This workshop is designed for photographers of all skill levels who are interested in learning how to make art that educates and impacts social change. Sessions will be hosted on Zoom. Once you have completed registration we will send you your Zoom login information for the course. You do not need to download Zoom to participate on a desktop or laptop computer. You do need to download the Zoom app if accessing from a phone or tablet.
Sessions will be hosted on Zoom on . Sessions will start at 12:00pm (Eastern Time) and will run roughly 2 - 3 hours, depending on lecture, discussion and critique times.
A maximum of 14 students, and a minimum of 6*
*The workshop will be cancelled if minimum enrollment is not met within 7 days of the workshop start. If cancelled, a full refund will be issued to all registered students.
$375 per person (+$15 processing fee)
SIGN ME UP!
Click the pink registration button to pay your tuition via credit card or Paypal. You will receive an email with your Zoom login several days before the workshop.
MEET YOUR INSTRUCTOR
Tonika Johnson is a photographer/social justice artist and life-long resident of Chicago’s South Side neighborhood of Englewood. She is also co-founder of two community-based organizations, Englewood Arts Collective and Resident Association of Greater Englewood, that seek to reframe the narrative of South Side communities and mobilize people and resources for positive change.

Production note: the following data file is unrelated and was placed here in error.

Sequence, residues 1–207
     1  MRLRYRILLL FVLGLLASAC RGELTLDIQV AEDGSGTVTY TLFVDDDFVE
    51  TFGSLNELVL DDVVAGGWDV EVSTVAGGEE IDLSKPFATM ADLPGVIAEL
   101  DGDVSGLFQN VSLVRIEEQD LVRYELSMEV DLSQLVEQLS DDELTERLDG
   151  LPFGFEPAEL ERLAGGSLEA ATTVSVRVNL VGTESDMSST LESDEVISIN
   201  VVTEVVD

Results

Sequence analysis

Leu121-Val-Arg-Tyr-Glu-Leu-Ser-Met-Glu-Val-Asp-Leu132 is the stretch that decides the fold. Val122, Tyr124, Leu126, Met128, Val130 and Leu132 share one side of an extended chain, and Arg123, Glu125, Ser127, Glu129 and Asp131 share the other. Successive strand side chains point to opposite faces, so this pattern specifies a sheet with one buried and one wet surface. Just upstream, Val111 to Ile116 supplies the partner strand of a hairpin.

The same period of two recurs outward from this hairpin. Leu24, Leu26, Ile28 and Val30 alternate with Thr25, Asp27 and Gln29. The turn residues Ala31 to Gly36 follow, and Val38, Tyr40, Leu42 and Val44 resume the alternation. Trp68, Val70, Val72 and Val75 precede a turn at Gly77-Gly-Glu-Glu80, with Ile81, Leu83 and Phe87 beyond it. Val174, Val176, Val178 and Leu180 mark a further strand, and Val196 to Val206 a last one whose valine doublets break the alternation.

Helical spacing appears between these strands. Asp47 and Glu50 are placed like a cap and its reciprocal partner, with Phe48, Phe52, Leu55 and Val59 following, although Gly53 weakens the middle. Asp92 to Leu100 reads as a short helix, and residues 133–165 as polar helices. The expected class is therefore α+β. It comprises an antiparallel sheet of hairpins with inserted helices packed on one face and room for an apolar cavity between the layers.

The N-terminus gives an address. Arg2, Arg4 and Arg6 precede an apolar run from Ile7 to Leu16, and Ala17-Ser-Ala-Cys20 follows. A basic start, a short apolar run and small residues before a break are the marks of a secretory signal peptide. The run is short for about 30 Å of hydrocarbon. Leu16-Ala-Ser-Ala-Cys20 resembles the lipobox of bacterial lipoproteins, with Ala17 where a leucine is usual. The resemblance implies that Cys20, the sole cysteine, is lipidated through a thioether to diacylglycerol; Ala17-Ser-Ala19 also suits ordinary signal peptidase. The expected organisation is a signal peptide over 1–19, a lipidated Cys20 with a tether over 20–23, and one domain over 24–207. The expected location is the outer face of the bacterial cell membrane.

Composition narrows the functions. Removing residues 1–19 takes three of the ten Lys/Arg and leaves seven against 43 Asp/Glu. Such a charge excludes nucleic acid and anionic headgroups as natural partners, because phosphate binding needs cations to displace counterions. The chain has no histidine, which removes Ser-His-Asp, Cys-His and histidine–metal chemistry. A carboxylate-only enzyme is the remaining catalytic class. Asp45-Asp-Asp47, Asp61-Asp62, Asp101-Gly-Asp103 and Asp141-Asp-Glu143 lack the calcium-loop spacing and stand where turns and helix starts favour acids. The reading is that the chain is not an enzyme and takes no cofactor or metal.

Within her artistic practice, Tonika often explores urban segregation and documents the nuance and richness of the black community, countering pervasive media depictions of Chicago’s violence and crime. As a trained photojournalist and former teaching artist, she has been engaged in building an artistic legacy that has gained citywide recognition in the last four years. In 2017, she was recognized by Chicago Magazine as a Chicagoan of the Year for her photography of Englewood's everyday beauty. Her Englewood-based photography projects "From the INside," and "Everyday Rituals," were exhibited at Rootwork Gallery in Pilsen, the Chicago Cultural Center, the Harold Washington Library Center and at Loyola University's Museum of Art (LUMA).
Her Folded Map project, visually investigates disparities among Chicago residents who are “map twins” living on opposite ends of streets that span the city’s racial and economic divides, and brings them together to have a conversation, was also exhibited at LUMA in 2018. Now, an excerpt of the project is currently on display at the Museum of Contemporary Art as part of The Long Dream exhibition. Since 2018, Tonika has transformed Folded Map into an advocacy and policy-influencing tool that invites audiences to open a dialogue and question how we are all socially impacted by racial and institutional conditions that segregate the city.
In 2019, she was named one of Field Foundation’s Leaders for a New Chicago and was appointed as a member of the Cultural Advisory Council of the Department of Cultural Affairs and Special Events by the Chicago City Council. In 2020, Tonika formalized Folded Map project into a non-profit organization where she serves as Creative Executive Officer. Most recently, she was selected to be the National Public Housing Museum's 2021 Artist as Instigator to work on her next project "Inequity for Sale," highlighting the living history of Greater Englewood homes sold on Land Sale Contracts in the 50's and 60's.